“I only wanted to see you smoking a Purple Rain…”
That’s not what Prince sang, nor is this rare release from Prometheus even said to be named for the song, but say the words purple rain and I’d challenge to you to think of anything other than the famed song or the movie it came from. At least prior to this cigar hitting the market, of course.
As many know, Prometheus has had a longstanding relationship with Arturo Fuente Cigar Co., producing branded cutters, lighters, travel cases and humidors for them, as well as seeing the Fuente Aged Selection collection, God of Fire lines and other cigars that bear either the famous red X or other Fuente branding.
In December 2018, Prometheus began shipping the Fuente Fuente OpusX Purple Rain, a 6 7/8 x 44 lonsdale that comes with a hybrid torpedo/nipple head that has been used several times recently, including the OpusX PerfecXion 8-8-8, and the OpusX Serie Heaven and Earth Rare Black. The cigar made a return to stores in May 2019 alongside the Rare Black, as part of Prometheus’ Heaven and Earth Series, which debuted in 2017 and has added new cigars each year since. The series is part of the Fuente Aged Selection, which are made by Arturo Fuente but sold through Prometheus, with a portion of the sales going to the Cigar Family Charitable Foundation.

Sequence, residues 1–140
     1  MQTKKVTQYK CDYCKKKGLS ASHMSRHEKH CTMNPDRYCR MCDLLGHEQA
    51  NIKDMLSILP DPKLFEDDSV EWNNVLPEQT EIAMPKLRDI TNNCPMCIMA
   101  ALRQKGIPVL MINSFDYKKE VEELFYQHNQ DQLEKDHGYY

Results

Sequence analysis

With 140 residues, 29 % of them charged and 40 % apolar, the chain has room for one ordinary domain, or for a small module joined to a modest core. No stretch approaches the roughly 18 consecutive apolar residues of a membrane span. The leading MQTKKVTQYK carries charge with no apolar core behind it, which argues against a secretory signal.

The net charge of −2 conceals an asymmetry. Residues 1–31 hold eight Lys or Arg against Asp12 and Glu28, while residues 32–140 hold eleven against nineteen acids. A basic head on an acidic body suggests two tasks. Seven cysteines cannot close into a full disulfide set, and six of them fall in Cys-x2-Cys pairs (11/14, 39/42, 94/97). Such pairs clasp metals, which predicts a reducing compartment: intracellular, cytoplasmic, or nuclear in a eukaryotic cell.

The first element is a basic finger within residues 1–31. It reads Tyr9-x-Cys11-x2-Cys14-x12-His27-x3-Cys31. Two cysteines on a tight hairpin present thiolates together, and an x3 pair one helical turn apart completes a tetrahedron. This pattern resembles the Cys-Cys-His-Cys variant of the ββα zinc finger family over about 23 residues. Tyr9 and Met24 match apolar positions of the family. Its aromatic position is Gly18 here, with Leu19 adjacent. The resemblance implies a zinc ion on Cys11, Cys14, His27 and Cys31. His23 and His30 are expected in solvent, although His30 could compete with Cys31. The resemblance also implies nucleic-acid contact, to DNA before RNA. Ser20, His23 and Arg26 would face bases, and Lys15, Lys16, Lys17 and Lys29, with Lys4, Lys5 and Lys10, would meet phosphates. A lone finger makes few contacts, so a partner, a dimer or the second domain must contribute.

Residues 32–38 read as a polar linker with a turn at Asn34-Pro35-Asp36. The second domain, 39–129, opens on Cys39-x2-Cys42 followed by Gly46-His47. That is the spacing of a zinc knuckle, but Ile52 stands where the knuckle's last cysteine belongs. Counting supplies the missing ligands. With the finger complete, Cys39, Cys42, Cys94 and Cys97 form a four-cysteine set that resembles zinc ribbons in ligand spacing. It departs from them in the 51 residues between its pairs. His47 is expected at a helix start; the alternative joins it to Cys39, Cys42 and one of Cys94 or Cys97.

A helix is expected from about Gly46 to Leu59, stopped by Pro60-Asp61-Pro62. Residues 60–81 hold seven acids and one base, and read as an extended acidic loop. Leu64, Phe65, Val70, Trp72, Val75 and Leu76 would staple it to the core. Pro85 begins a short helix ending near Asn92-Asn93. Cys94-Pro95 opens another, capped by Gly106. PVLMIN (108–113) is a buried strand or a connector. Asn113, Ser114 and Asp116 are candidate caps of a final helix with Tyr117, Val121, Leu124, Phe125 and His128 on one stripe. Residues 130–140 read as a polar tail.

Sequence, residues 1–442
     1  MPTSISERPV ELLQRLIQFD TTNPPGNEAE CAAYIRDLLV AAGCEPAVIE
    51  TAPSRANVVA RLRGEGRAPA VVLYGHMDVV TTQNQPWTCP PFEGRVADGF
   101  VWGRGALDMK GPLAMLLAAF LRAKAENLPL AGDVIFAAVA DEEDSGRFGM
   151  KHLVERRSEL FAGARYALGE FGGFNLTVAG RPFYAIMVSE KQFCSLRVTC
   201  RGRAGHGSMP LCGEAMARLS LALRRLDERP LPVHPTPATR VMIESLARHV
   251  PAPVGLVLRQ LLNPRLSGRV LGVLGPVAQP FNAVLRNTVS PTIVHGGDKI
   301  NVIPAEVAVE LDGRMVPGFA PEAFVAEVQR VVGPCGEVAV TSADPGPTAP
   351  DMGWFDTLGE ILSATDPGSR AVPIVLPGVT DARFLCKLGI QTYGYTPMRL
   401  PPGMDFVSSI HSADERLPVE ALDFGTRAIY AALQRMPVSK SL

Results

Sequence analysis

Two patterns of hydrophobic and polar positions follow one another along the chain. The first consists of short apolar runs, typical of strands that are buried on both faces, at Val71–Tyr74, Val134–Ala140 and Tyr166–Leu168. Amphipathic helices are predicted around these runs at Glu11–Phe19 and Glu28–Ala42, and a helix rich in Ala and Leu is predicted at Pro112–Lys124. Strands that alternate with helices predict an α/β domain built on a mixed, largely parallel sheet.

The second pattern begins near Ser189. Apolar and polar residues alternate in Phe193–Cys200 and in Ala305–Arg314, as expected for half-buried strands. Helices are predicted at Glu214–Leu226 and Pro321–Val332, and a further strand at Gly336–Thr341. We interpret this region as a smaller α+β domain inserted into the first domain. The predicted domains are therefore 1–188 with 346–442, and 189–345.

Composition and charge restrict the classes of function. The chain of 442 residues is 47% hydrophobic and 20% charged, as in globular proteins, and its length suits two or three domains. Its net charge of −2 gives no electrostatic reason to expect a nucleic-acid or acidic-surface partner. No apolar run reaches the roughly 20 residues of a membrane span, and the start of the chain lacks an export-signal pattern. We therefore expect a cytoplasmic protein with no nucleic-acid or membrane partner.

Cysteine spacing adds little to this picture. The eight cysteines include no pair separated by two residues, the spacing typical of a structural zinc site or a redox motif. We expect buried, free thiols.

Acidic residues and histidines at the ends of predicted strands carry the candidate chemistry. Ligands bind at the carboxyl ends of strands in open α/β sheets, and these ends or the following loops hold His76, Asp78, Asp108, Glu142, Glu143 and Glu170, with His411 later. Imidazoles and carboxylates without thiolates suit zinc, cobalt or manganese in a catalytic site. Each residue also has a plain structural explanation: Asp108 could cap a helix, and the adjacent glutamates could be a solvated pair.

- Arturo Fuente Añejo Reserva No. 8-8-8 (6 5/8 x 44) — $11.25 (Box of 24, $270) — Regular Production
- Fuente Fuente OpusX PerfecXion 8-8-8 (6 7/8 x 44) — $13.50 (Box of 24, $324) — n/a
- Fuente Fuente OpusX Serie “Heaven and Earth” Rare Black (6 7/8 x 44) — $45 (Travel Humidor of 10, $450) — 200 Humidors of 10 (2,000 Total Cigars)
- Fuente Fuente OpusX Serie “Heaven and Earth” Purple Rain (6 7/8 x 44) — $45 (Travel Humidor of 10, $450) — 200 Humidors of 10 (2,000 Total Cigars)
While the size is similar to that of the Añejo 8-8-8, which came out in 2014, it is a quarter of inch longer, as the Añejo version measure 6 5/8 inches long. Both share the same uniquely designed head, however.
The cigars come in 10-count boxes and this year they are joined by two other offerings, the BBMF Maduro and Tauros the Bull, all under the header “Heaven and Earth.” They are also available as part of the 2019 Limited Edition Fuente Fuente OpusX Forbidden X “Purple Rain” Humidor, of which just 90 units were produced, split between five different wood selections. Each humidor contains 20 of the Purple Rain, along with 20 Rare Black and 10 each of the OpusX BBMF, BBMF Maduro, Tauros the Bull and Tauros the Bull Maduro.
Of note about both this cigar and the Rare Black is that the blend has never been disclosed.
To round out the offerings, the company has not one, but two lines of OpusX Purple Rain accessories, the Cutter H ($79.95), the Magma T lighter ($110), the Ultimo X cutter ($99.95) and Magma X lighter ($99.95), each available in a black lacquer finish or a black matte finish.